Missing Climbers Brought to Safety on Mount Hood

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A pair of climbers who misjudged the weather and got caught in whiteout conditions on Mount Hood were brought to safety Tuesday after a night in a snow cave.

The two said they didn't make it to the summit of the 11,239-foot mountain on Monday because the weather closed in when they were at about 10,000 feet.

"We thought we had a window in the weather, but we were wrong," said Justin Votos, 27.

His companion was Matthew Pitts, 28. Both are from Portland.

They talked to sheriff's deputies and reporters after rescuers led them out of the woods Tuesday. Then they loaded their Jeep Cherokee to drive off the mountain.

After running into trouble Monday, the two said, they descended toward Timberline Lodge — which is at 6,000 feet — where they had parked their vehicle, but they missed the lodge. They dug a snow cave at what they estimated was about 5,000 feet.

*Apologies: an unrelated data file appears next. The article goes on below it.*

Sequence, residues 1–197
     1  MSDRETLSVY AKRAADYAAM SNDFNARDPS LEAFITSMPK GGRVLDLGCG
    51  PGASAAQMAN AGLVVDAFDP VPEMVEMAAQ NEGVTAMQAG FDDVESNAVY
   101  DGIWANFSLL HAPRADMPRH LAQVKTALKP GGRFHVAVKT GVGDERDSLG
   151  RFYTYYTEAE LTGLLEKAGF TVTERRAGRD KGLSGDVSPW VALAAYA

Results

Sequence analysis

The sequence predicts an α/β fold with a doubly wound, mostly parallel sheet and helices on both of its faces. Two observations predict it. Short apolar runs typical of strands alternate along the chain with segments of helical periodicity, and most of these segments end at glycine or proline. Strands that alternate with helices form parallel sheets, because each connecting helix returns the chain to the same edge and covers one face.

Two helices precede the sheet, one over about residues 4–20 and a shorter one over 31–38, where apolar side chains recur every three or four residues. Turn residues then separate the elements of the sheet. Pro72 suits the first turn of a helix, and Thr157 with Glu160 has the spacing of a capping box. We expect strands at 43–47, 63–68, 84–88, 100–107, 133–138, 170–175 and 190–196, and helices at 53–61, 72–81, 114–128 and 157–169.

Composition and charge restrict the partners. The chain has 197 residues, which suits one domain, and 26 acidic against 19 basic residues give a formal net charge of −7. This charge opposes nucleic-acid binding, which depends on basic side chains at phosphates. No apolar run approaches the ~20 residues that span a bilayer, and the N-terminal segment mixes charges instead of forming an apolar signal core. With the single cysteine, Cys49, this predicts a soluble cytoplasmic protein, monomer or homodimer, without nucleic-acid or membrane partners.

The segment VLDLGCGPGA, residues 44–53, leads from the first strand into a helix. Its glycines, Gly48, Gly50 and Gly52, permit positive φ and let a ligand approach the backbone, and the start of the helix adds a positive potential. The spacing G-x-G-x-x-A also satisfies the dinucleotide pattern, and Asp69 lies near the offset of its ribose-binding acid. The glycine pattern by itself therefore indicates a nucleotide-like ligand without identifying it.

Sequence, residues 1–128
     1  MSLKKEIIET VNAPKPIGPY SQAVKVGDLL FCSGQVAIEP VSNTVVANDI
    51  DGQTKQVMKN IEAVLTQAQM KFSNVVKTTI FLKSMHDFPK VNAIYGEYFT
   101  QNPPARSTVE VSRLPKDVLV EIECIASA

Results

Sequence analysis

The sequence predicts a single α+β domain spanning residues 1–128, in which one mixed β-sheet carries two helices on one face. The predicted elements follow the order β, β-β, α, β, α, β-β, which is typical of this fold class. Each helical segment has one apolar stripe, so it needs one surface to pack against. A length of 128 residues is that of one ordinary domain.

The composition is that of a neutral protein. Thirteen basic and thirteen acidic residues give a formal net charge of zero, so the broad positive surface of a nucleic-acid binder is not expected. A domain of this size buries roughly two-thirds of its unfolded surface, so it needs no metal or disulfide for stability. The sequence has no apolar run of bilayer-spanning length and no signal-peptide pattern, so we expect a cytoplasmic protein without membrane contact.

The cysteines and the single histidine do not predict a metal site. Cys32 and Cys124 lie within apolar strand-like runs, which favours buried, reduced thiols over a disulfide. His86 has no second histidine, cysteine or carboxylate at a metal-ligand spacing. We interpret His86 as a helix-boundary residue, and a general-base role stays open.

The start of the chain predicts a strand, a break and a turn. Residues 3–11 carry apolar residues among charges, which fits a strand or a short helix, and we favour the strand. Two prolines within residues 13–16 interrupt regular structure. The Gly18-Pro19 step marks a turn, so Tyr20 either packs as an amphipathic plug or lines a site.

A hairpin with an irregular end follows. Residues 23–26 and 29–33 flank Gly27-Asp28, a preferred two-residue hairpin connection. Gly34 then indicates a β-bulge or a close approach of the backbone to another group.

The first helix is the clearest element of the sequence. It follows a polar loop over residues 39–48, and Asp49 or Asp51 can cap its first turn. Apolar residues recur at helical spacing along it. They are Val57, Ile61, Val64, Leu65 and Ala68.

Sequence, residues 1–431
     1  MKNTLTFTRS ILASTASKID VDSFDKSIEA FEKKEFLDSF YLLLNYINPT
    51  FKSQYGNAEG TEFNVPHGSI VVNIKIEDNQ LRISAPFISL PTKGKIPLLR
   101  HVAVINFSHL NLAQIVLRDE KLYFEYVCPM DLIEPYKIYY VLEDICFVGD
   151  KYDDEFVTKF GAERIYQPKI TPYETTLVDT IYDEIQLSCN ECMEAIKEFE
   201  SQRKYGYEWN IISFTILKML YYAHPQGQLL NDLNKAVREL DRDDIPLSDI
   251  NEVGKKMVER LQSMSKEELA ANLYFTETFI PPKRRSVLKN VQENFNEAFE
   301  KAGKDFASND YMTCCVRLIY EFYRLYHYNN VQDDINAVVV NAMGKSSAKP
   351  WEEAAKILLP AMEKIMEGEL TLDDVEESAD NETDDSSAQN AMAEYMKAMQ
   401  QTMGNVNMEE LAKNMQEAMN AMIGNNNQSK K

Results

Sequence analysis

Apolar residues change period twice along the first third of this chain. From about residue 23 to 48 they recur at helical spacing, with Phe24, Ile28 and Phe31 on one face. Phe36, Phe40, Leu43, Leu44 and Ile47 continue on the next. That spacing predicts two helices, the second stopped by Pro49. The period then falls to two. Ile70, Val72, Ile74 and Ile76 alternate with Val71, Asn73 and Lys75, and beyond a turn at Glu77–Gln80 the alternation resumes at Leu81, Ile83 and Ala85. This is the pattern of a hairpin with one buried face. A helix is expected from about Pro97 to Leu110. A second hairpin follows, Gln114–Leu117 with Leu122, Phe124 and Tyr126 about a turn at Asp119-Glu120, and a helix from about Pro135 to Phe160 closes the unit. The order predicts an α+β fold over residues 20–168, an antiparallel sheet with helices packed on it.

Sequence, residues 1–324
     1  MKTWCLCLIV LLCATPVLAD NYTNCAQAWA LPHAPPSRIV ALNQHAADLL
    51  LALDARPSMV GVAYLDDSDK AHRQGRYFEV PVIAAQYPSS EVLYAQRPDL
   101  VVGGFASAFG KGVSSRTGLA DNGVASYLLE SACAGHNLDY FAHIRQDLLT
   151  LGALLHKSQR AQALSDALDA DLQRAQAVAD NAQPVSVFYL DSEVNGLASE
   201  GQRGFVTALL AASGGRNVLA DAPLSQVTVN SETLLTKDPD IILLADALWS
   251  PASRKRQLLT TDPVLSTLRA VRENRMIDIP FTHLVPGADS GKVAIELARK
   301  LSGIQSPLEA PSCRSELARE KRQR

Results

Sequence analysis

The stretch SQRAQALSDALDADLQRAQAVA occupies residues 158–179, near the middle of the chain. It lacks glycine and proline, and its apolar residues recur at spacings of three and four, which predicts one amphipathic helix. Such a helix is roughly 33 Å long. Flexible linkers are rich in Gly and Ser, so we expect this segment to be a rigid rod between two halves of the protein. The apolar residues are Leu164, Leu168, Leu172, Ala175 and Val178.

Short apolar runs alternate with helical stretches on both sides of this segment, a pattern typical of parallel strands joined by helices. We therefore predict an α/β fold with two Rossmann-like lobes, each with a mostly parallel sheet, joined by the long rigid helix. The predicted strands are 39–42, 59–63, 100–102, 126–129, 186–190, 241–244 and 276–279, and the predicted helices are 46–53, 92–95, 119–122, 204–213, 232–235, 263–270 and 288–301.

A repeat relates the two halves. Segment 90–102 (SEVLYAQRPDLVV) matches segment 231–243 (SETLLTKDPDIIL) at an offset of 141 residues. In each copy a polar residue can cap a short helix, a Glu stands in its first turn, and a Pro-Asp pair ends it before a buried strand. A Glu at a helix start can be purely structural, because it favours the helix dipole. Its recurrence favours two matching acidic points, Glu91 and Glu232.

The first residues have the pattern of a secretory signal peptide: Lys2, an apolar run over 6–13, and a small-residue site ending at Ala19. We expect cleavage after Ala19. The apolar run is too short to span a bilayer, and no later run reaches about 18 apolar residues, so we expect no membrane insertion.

On Tuesday morning, they resumed their descent and came upon a geocache with GPS gear that allowed them to report their location to rescuers via cell phone.

Detective Jim Strovink of the Clackamas County sheriff's office said the location was reported when the hikers were near Enid Lake — less than a mile from U.S. 26, the major highway south of Mount Hood.

The two said they had reached the summit of Mount Hood in previous climbs. They didn't carry locators on this climb, saying they didn't think they would need it. But they vowed to carry the equipment when they make their next attempt at the summit.

Mount Hood, Oregon's tallest peak, attracts thousands of climbers. More than 35 have died in the past quarter century.

Three out-of-state climbers died in December 2006 after getting caught in a blizzard on the mountain's dangerous north side. Rollins said the route the two men took on Monday requires less technical climbing than the north-side route.

Two months later, three hikers and a dog named Velvet were saved after falling over an icy ledge.